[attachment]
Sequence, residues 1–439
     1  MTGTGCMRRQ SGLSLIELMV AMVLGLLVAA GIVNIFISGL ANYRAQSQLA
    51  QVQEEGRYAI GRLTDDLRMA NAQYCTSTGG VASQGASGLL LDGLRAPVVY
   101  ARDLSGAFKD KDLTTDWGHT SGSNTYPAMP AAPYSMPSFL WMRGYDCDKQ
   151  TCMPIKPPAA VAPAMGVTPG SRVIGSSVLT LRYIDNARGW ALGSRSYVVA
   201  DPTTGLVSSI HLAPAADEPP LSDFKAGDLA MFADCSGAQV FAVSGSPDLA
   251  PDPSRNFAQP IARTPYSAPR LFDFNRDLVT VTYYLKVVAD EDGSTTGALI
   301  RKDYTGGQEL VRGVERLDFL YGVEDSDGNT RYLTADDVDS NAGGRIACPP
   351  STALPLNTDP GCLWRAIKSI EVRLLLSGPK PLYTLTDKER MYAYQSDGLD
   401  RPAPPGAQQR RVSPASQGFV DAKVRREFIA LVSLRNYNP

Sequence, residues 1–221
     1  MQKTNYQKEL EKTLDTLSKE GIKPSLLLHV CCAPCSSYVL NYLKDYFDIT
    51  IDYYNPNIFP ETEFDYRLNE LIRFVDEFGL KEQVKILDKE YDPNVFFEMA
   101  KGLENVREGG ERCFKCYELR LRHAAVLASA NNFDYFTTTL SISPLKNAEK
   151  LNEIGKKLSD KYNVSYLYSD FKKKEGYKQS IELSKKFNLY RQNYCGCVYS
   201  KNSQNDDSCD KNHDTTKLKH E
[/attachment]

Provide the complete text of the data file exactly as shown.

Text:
Sequence, residues 1–439
     1  MTGTGCMRRQ SGLSLIELMV AMVLGLLVAA GIVNIFISGL ANYRAQSQLA
    51  QVQEEGRYAI GRLTDDLRMA NAQYCTSTGG VASQGASGLL LDGLRAPVVY
   101  ARDLSGAFKD KDLTTDWGHT SGSNTYPAMP AAPYSMPSFL WMRGYDCDKQ
   151  TCMPIKPPAA VAPAMGVTPG SRVIGSSVLT LRYIDNARGW ALGSRSYVVA
   201  DPTTGLVSSI HLAPAADEPP LSDFKAGDLA MFADCSGAQV FAVSGSPDLA
   251  PDPSRNFAQP IARTPYSAPR LFDFNRDLVT VTYYLKVVAD EDGSTTGALI
   301  RKDYTGGQEL VRGVERLDFL YGVEDSDGNT RYLTADDVDS NAGGRIACPP
   351  STALPLNTDP GCLWRAIKSI EVRLLLSGPK PLYTLTDKER MYAYQSDGLD
   401  RPAPPGAQQR RVSPASQGFV DAKVRREFIA LVSLRNYNP

Sequence, residues 1–221
     1  MQKTNYQKEL EKTLDTLSKE GIKPSLLLHV CCAPCSSYVL NYLKDYFDIT
    51  IDYYNPNIFP ETEFDYRLNE LIRFVDEFGL KEQVKILDKE YDPNVFFEMA
   101  KGLENVREGG ERCFKCYELR LRHAAVLASA NNFDYFTTTL SISPLKNAEK
   151  LNEIGKKLSD KYNVSYLYSD FKKKEGYKQS IELSKKFNLY RQNYCGCVYS
   201  KNSQNDDSCD KNHDTTKLKH E